The momentum behind cleantech stocks may be fading—again. For about a year, companies pushing to decarbonize and electrify the world captured the market’s imagination as never before. But now, as investors try to determine which companies can make it over the long run, they may want to consider the story of Plug Power Inc.
The hydrogen fuel cell maker, based in a suburb of Albany, N.Y., has already survived boom-bust cycles that devastated many other cleantech companies. Its shares reached almost $150 in early 2000, then flirted with penny-stock status for much of the next two decades. The company changed management and adjusted its business strategy. Then, as investors’ appetite for climate-friendly technologies returned, Plug Power became a Wall Street darling again, with a market value that topped those of utility giants such as PG&E Corp. and Consolidated Edison Inc. in early 2021.
Plug Power’s renaissance was emblematic of a broader revival in the cleantech sector. As the cost of batteries and wind and solar power declined, new technologies became economically competitive. Tesla Inc.’s stock surged more than 700% in 2020, making it one of the world’s most valuable companies. Funds tracked by BloombergNEF pumped more than $17 billion into climate-related startups last year, up from $1.4 billion a decade earlier.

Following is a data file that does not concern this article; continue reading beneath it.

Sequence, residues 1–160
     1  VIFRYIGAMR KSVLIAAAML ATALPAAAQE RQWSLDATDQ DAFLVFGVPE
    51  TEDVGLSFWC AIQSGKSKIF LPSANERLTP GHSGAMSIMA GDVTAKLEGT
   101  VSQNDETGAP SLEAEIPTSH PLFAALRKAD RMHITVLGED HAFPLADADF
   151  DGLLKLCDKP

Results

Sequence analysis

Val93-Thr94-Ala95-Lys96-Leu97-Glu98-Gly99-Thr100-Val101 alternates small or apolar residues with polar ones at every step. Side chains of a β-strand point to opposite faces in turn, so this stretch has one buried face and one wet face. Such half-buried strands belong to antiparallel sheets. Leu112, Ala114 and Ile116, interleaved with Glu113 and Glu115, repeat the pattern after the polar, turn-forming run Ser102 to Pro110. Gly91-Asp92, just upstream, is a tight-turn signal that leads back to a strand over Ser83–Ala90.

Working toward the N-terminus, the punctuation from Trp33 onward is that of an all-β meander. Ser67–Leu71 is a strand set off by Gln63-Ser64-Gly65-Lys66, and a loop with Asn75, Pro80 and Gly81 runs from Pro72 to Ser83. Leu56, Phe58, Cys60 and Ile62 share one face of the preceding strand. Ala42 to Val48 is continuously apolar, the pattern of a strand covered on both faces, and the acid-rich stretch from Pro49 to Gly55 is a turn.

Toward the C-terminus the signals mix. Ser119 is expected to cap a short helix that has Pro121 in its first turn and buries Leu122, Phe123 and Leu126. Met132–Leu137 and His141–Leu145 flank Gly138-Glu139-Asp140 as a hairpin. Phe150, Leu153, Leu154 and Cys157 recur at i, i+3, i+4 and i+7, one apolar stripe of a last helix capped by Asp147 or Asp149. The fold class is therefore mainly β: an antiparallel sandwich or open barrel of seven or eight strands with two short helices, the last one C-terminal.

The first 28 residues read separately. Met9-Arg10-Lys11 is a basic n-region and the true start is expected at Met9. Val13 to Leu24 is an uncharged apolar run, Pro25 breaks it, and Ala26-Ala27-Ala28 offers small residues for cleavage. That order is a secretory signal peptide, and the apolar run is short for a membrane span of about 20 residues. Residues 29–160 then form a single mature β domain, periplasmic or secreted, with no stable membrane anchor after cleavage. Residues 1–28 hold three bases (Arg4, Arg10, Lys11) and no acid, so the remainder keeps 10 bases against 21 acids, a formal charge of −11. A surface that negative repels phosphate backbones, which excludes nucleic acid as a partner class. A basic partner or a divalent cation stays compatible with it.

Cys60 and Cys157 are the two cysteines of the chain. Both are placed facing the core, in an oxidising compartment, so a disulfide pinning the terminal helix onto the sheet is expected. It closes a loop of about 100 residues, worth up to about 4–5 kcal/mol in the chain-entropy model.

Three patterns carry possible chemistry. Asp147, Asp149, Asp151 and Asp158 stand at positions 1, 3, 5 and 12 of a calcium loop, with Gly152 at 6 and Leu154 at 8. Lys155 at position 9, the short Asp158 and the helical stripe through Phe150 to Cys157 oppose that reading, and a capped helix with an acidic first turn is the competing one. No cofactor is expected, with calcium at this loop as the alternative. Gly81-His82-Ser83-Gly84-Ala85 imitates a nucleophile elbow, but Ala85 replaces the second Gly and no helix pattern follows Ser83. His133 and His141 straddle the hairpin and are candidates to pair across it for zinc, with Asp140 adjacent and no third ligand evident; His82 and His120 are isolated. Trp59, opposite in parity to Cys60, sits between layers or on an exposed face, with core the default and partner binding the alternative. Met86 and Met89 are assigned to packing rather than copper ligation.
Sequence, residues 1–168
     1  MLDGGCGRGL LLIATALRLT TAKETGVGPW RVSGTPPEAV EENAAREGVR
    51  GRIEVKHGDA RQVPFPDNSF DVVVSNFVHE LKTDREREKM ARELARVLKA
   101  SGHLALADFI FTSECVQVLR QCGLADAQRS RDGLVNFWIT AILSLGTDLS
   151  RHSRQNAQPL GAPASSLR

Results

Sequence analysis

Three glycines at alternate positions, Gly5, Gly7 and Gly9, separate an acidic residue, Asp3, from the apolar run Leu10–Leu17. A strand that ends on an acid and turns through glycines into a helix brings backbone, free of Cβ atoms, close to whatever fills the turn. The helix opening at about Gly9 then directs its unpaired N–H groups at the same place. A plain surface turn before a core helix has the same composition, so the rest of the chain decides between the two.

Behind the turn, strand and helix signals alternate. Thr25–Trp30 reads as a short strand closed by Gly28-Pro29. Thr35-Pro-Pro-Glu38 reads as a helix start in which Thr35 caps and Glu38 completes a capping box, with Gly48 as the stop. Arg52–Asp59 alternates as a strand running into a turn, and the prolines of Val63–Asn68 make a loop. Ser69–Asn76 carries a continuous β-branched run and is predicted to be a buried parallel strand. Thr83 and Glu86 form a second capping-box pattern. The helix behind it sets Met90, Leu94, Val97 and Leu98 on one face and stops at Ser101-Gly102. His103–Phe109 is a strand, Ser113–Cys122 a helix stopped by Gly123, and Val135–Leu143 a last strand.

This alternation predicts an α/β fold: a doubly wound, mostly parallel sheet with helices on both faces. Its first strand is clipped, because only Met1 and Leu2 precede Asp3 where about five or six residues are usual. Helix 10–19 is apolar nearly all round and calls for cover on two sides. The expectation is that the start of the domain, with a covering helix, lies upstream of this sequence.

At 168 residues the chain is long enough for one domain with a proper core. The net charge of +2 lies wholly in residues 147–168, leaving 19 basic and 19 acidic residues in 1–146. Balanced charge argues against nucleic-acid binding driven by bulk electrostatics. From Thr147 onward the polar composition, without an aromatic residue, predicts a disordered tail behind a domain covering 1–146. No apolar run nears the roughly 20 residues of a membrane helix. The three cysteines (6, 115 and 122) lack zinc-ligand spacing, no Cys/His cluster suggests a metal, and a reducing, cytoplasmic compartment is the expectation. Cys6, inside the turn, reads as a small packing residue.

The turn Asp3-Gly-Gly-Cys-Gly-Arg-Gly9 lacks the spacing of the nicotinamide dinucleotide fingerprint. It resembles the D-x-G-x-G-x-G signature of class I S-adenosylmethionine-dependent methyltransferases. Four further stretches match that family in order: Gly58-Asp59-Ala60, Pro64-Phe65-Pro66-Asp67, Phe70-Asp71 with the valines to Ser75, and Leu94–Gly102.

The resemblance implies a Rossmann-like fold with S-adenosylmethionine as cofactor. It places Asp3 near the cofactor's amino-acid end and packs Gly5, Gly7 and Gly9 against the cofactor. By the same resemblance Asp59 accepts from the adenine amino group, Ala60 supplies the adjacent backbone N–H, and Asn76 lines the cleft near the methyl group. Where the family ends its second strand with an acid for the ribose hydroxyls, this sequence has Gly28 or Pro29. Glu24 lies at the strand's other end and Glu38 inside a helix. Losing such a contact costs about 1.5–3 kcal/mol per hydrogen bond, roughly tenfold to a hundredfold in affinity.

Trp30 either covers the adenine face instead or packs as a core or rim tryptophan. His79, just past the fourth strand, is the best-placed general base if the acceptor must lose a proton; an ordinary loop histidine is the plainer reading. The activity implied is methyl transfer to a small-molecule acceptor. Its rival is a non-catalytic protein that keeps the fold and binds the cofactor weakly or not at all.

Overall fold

By 2010 the cleantech bubble had burst. Venture capitalists used to the quick turnaround of traditional tech investments became impatient. Nancy Pfund, founder and managing partner of DBL Partners and an early Tesla Inc. investor, describes such investors as drive-bys, saying there was a “tourist quality” to cleantech investing at the time.
“I hope it’s gone,” Pfund says. “It feels like the challenge is more evident and serious. The amount of people betting their careers on climate change is at an all-time high. In that sense, it’s very different than 10 to 15 years ago.”
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